Tourists expect to get a little wet when they go to the beach, but a stunning 11.54 inches of rain has fallen in six days at North Carolina’s Outer Banks, according to the Dare County Airport.
And that’s not the worst of it. In all, 16 inches of rain has been recorded at Cape Hatteras in July, with five more days to go.
Never before has that much rain fallen in a single month on the cape, based on National Weather Service records dating back to 1893. The previous monthly record was in June 1949, when 14.34 inches fell, says the National Weather Service.
This week has seen the worst of it. More than six inches have fallen since Monday, sending water over highways, into public camp grounds and around beloved National Park Service tourist attractions.
The Cape Hatteras National Seashore posted images Wednesday of the Bodie and Cape Hatteras lighthouses rimmed by pools of water deep enough to attract sea birds. The park service added a warning for tourists about the roads, which have seen flash flooding.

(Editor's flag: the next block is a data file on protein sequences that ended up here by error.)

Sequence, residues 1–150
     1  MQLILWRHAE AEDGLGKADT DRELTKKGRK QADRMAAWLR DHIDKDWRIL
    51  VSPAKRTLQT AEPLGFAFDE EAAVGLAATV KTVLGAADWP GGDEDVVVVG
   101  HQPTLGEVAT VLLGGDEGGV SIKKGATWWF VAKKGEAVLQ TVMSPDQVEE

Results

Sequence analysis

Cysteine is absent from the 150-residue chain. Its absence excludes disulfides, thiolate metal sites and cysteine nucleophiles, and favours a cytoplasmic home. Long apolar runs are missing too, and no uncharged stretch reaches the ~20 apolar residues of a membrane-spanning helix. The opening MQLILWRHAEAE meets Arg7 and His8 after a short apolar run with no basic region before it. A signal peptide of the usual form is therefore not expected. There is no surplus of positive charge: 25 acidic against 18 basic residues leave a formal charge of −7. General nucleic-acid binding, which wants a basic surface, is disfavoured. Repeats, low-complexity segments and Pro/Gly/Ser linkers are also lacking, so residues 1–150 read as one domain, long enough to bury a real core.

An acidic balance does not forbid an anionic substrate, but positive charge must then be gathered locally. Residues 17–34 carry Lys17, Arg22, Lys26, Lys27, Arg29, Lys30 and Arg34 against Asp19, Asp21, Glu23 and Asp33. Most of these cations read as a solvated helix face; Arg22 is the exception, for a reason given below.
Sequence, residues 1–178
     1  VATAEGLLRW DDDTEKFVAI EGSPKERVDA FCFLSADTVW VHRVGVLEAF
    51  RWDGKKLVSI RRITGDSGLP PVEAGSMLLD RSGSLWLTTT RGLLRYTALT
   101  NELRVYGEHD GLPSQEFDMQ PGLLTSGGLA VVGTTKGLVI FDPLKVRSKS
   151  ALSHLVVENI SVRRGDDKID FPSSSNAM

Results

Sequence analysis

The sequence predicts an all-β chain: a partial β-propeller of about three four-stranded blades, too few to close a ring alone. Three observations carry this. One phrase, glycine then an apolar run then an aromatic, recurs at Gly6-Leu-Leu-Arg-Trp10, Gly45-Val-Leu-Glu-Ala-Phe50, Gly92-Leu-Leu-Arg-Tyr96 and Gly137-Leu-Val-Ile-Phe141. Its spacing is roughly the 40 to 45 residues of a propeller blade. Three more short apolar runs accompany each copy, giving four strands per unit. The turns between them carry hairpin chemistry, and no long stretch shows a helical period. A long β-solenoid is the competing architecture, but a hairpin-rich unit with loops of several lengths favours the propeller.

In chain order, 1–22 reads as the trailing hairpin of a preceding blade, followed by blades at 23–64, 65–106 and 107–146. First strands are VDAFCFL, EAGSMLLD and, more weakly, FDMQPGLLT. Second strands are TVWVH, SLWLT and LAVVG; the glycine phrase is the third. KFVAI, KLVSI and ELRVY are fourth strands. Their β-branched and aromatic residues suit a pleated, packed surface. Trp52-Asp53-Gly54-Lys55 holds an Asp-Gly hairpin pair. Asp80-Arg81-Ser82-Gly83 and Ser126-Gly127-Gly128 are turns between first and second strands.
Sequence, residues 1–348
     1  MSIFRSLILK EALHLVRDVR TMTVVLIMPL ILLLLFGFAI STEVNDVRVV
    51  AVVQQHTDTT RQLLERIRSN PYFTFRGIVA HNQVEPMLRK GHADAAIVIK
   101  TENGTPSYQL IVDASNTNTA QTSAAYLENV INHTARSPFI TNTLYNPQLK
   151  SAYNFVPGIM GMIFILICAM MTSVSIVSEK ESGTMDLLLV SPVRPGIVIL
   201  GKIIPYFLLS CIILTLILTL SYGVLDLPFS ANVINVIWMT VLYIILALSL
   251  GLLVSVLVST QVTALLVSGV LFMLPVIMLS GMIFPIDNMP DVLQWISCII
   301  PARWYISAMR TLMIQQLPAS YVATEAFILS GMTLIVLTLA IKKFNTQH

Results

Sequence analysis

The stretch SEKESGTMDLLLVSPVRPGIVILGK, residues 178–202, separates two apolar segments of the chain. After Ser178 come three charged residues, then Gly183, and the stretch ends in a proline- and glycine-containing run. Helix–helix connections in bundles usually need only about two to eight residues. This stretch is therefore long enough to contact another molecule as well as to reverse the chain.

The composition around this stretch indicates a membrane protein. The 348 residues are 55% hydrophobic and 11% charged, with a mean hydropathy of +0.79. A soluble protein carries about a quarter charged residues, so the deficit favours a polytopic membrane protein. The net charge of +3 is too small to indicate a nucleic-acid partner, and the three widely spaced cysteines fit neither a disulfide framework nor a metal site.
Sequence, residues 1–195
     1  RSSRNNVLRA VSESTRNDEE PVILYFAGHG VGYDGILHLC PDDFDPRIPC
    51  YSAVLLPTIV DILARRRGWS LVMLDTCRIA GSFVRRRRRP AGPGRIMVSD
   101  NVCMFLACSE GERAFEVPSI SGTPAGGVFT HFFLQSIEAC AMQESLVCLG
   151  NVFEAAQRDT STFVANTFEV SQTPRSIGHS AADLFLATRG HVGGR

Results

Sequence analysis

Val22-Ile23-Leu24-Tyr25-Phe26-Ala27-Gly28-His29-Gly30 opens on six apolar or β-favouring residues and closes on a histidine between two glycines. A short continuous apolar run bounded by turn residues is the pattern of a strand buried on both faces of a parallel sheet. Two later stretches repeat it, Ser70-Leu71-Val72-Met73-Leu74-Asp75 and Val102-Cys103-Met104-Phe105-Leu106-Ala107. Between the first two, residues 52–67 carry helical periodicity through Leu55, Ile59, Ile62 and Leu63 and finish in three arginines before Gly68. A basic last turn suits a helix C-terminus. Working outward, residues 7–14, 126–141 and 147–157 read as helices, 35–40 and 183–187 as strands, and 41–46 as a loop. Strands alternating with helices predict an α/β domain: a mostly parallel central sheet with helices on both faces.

“Visitors today will encounter standing water on NC 12,” said the National Park Service post. “Please use caution if you are traveling through the park.”
The lighthouses remained open, but the park had to temporarily close the Cape Point Campground in Buxton due to rainfall, officials said.
On Tuesday, the coastal town of Manteo reported “yards turned into ponds,” according to the Outer Banks Sentinel. “We’ve simply been overwhelmed,” Town Manager Kermit Skinner told the newspaper.
Among the unexpected consequences: A coastal swimming advisory was issued for Dare and Currituck counties on Wednesday. State officials said they feared the run off was rife with bacteria, and might sicken swimmers at nearby beaches.
Tourists appeared to be making the most of it, based on social media videos that show adults and children playing in knee-deep ponds that formed between rental homes and condos.
Sarah Jackson Cahill of Maryland posted a photo on Facebook of herself in ankle-deep water with a beverage in one hand and her dog on a leash in the other.
“Here’s what a vacation in the Outer Banks looks like in a flood. Still so much fun,” she wrote.